An oral spray that delivers a dose of nicotine faster than patches and gums may help some smokers quit long-term, suggests a new study from Europe.
In a year-long placebo-controlled trial, the nicotine mouth spray helped more than twice as many smokers quit. One reason, the team wrote online in the European Respiratory Journal, could be rapid delivery of nicotine to the bloodstream to relieve cravings when they strike.
Nicotine replacement therapy (NRT) in the form of patches, gums, lozenges and nasal sprays has long been on the market. Mint-flavoured NRT mouth sprays are newer and not available everywhere, including the US.
The mouth sprays are less irritating than nasal sprays. They can also be used at will to alleviate withdrawal symptoms, whereas transdermal NRT delivers a steady dose of nicotine to the blood over the course of the day.
How spray helps smokers
But little has been known about how well the mouth sprays work in helping smokers quit. In the new study, almost 14% of smokers who used the spray for three months were abstinent at the one-year mark, versus about 6% of those given the placebo spray.
That's not a huge number. But the benefit relative to placebo was larger than what's been seen with other NRT products, said lead researcher Dr Philip Tonnesen of Gentofte Hospital in Copenhagen, Denmark.
Still, recent smoking-cessation trials combining intensive counselling and medication have come up with better overall numbers. They've suggested that about 25% of smokers can be cigarette-free at the one-year mark with strong support plus medication – whether NRT or the prescription drugs varenicline (Chantix) or bupropion (Zyban and generics).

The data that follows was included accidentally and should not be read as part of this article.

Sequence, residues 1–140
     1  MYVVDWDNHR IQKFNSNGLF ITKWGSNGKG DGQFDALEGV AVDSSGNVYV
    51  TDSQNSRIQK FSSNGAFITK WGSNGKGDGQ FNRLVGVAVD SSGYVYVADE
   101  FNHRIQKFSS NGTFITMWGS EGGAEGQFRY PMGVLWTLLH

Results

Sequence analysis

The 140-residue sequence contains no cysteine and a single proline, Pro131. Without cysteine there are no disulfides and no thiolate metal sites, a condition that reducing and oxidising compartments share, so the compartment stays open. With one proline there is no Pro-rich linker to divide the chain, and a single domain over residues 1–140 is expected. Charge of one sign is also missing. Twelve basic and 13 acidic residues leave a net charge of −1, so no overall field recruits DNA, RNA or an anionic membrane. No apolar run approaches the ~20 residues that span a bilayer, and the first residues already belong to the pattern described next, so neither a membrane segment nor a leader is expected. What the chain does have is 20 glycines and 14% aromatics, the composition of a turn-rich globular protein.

The lower rate in this study may be due to the "minimal" counselling offered to the trial participants, according to Dr Tonnesen.
Increase in quitting rates
"There is an increase in quit rates with the intensity of support (counselling)," he told Reuters Health in an email.
The study involved 479 smokers who were randomly assigned to use the NRT mouth spray or a placebo spray (containing capsaicin to mimic nicotine's burn) for 12 weeks. They also got some brief advice on quitting when they made trips to the study clinics.
All study participants were told to use the spray whenever they would normally have a cigarette, or when they felt a craving for one, but not to exceed four sprays per hour or 64 sprays per day.
Abstinence was verified by breath and saliva testing.
Mild side effects
Both nicotine-spray and placebo users reported reduced cravings over time, and both groups gained weight – averaging 4.9 kg in the nicotine spray group and 4.2 kg in the placebo group by week 24.
Mild-to-moderate side effects reported by both groups, but more often by the nicotine-spray users, included hiccups, throat irritation, nausea, and salivating too much.
The study was funded by McNeil AB, which makes the Nicorette QuickMist mouth spray. Dr Tonnesen and other researchers on the work have financial ties to McNeil AB and other NRT product makers.
(Amy Norton, Reuters Health, February 2012)
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